Prevention and punishment focus of new drug law
Published Thursday, October 4, 2007 11:09PM EDT
Prime Minister Stephen Harper has announced a two-pronged anti-drug campaign, focusing on prevention for users and harsher penalties for producers.
At the heart of the announcement was the introduction of mandatory sentences for people convicted of serious drug charges.
"Currently there are no minimum prison sentences for producing and trafficking dangerous drugs like methamphetamine and cocaine," Harper said Thursday. "These are serious crimes. Those who commit them should do serious time."
The announcement was part of a strategy providing $63.8 million over two years to prevent illegal drug use in young people, treat people who have drug addictions and fight illegal drug crime.
The new law, to be introduced by the minority government when Parliament resumes in October, was touted as a balance between prevention and punishment.
Harper outlined the plan in Winnipeg alongside Health Minister Tony Clement and Public Safety Minister Stockwell Day.
Harper said about two-thirds of the new funding will go towards prevention and treatment for those caught in the world of drugs and want to get out.
"Interdiction by itself is not going to be enough," Harper said. "We need new laws to free them from drugs when they get hooked."
Harper said for too long, governments had sent "mixed messages" about the prohibition of drugs, referring to a failed Liberal-government motion to decriminalize small amounts of marijuana possession.
"It's time to get straight with Canadians so Canadians can get straight, because narcotics destroy lives," he said.
Funding for prevention
On Thursday, Clement praised the announcement for focusing on the safety of Canada's children.
"One day they'll grow up to be successful adults," he said. "But sadly, all of this could be put at risk when young people are offered drugs before they are mature enough to grasp the magnitude of the consequences of their actions."
He said the new policy will put an emphasis on educating Canadians, especially young people and their parents, about the negative effects of illicit drugs.
Prevention and treatment methods to be financed include:
- A national awareness campaign targeted at youth and parents
- Modernization of treatment services
- Development of new treatment options
- Expansion of treatment programs for addicted youth
- New funding for provinces and territories to expand rehabilitation facilities
- New funding for a National Youth Intervention Program, so police can get young drug users more quickly into assessment and treatment programs
The government will also invest $9.6 million per year with The Community Initiatives Fund, which will offer financial assistance to communities and organizations that address factors that lead to illicit drug use, Clement said.
During the announcement, Harper said that the government currently spends $1.2 billion each year on substance abuse programs. Regardless of this, drug use among teens and young people is rising.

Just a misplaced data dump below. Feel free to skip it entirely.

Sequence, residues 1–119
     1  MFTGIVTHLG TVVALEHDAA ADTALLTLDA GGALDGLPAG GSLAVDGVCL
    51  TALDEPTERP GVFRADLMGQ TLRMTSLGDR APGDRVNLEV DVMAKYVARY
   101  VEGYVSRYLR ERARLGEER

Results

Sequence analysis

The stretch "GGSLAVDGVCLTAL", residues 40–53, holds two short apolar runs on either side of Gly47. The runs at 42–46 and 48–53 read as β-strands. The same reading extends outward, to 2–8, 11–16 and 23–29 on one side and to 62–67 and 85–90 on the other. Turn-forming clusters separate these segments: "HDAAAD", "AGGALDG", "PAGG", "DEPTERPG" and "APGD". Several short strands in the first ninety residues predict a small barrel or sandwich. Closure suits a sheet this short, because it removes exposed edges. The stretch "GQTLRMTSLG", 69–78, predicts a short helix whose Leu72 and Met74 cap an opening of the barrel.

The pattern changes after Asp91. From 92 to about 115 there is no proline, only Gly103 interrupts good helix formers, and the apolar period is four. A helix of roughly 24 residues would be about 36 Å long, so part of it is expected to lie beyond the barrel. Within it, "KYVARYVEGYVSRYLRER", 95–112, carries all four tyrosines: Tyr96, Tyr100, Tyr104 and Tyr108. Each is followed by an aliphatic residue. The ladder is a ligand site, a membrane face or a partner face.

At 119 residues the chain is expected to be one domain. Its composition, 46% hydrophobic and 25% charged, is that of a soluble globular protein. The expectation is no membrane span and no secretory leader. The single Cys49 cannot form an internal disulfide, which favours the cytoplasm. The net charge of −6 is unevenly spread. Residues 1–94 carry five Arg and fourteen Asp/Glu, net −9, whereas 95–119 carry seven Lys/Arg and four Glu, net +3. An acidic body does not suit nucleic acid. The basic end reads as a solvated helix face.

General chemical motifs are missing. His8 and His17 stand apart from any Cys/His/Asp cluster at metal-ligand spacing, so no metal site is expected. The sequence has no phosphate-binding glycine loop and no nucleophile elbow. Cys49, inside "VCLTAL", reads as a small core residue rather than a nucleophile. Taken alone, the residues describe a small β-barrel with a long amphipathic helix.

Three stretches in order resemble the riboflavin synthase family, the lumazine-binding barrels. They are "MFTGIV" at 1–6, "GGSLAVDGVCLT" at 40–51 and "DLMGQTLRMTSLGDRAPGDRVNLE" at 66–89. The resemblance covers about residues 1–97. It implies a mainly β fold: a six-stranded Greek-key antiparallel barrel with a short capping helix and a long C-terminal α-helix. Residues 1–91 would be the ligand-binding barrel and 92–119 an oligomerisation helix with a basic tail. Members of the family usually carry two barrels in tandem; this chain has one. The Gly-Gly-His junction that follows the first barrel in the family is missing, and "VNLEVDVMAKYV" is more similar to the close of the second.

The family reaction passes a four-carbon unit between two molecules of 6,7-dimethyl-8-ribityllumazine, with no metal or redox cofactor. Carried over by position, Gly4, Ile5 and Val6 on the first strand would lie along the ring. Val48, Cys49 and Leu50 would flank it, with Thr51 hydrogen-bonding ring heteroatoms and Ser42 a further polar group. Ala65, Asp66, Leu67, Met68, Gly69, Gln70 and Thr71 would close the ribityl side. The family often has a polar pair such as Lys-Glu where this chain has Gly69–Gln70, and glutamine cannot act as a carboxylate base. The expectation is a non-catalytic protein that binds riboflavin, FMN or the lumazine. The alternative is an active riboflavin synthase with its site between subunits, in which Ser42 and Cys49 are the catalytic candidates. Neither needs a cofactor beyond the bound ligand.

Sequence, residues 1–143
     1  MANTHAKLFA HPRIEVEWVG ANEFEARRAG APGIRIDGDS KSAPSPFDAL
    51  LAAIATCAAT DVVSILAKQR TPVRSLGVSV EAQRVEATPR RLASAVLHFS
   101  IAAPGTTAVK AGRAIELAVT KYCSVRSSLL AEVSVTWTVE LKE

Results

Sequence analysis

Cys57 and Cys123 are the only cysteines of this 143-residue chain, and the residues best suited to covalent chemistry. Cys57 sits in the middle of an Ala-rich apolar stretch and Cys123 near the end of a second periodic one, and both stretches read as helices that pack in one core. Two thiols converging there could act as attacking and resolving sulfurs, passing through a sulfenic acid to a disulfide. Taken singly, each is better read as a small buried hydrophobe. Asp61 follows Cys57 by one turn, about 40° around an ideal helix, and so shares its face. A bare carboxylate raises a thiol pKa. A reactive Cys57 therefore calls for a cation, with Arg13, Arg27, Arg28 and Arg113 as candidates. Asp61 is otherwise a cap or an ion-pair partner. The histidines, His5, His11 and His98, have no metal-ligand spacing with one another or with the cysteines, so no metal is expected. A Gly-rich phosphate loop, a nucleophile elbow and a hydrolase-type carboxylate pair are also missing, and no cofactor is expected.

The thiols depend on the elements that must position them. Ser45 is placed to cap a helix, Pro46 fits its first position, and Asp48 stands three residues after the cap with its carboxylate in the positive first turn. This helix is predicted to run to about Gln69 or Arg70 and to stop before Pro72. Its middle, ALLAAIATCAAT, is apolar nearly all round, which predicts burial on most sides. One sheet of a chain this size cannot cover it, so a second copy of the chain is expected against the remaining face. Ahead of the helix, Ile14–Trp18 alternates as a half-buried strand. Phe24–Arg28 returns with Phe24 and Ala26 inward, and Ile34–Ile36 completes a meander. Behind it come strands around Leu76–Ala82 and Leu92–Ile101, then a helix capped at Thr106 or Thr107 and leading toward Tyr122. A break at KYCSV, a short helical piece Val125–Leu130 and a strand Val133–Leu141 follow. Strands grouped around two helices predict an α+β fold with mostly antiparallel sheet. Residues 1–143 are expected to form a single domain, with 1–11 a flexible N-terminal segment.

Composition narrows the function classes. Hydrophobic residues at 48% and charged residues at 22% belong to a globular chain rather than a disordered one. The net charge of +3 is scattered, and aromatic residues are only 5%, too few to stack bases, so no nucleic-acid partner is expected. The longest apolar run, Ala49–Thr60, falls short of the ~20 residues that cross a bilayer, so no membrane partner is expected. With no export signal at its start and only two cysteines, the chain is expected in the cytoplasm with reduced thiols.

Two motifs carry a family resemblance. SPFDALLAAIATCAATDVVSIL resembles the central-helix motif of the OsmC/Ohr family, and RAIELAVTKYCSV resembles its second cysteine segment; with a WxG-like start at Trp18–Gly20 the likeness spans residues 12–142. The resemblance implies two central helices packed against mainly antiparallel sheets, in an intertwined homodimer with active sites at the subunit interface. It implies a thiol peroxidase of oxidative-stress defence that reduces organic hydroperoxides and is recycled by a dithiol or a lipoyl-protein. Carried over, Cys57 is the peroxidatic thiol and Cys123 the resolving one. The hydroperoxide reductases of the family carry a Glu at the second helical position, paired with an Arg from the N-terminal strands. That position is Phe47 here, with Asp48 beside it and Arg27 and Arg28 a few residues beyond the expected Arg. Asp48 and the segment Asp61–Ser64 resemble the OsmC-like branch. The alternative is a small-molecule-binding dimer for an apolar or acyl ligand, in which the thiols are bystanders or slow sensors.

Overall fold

Funding for punishment
Thursday's announcement included $21.6 million to fund the battle against drug producers and traffickers, Day said.
The Conservative government said tens of billions in dollars worth of drug profits are used to fund other criminal activities, making drug trafficking a highly lucrative business in Canada that fuels personal greed by exploiting the addictions of other people.
"There are people out there who know very well what they're doing," Day said. "They are very cognizant that they destroy lives, and that does not stop them from what they do."
Along with mandatory minimum sentences, new steps will include:
- More funding for officers and prosecutors focused on drug crime
- More resources for identifying and closing down grow-ops and manufacturing sites
- Cracking down on drug smuggling across the border, including better awareness for border officers
- New legislation to control substances and chemicals commonly used in drug production
Canada will also share information with officers in Seattle and New York in relation to the cross-border drug trade, Day said.
Harper did not outline what the mandatory minimums would be, or what serious drug offences they would be implemented against.
He said that would be done by the health minister closer to its announcement in parliament.
The Conservatives quashed a bill from the previous Liberal government decriminalizing possession of small amounts of marijuana shortly after coming to power last year -- despite support for the resolution in the House of Commons from every other party.
Since then, drug-related arrests have spiked dramatically across the country with a number of Canadian cities reporting arrest increases by more than one-third.
Toronto, Vancouver, Ottawa and Halifax all reported increases of between 20 and 50 per cent in 2006 of arrests for possession of cannabis, compared with 2005 statistics.
Police forces claim many people believed the Liberal bill had passed, prompting users to spark up in public without fear of reprisal.
As a result, thousands of people were charged with criminal offences that would have been classified as a misdemeanour under the previous Liberal government.
Legal experts argued earlier this year that inconsistencies in Canada's marijuana laws made it difficult for the justice system to handle the sudden influx of possession cases brought before the courts under the Conservative government's new focus on enforcement.
Other critics claim the crackdown on marijuana is a waste of taxpayers' money and some drug-dependency experts have also challenged the notion that the substance is a 'gateway' to harder drugs.
They argue that marijuana actually keeps users from experimenting with other drugs.
With files from The Canadian Press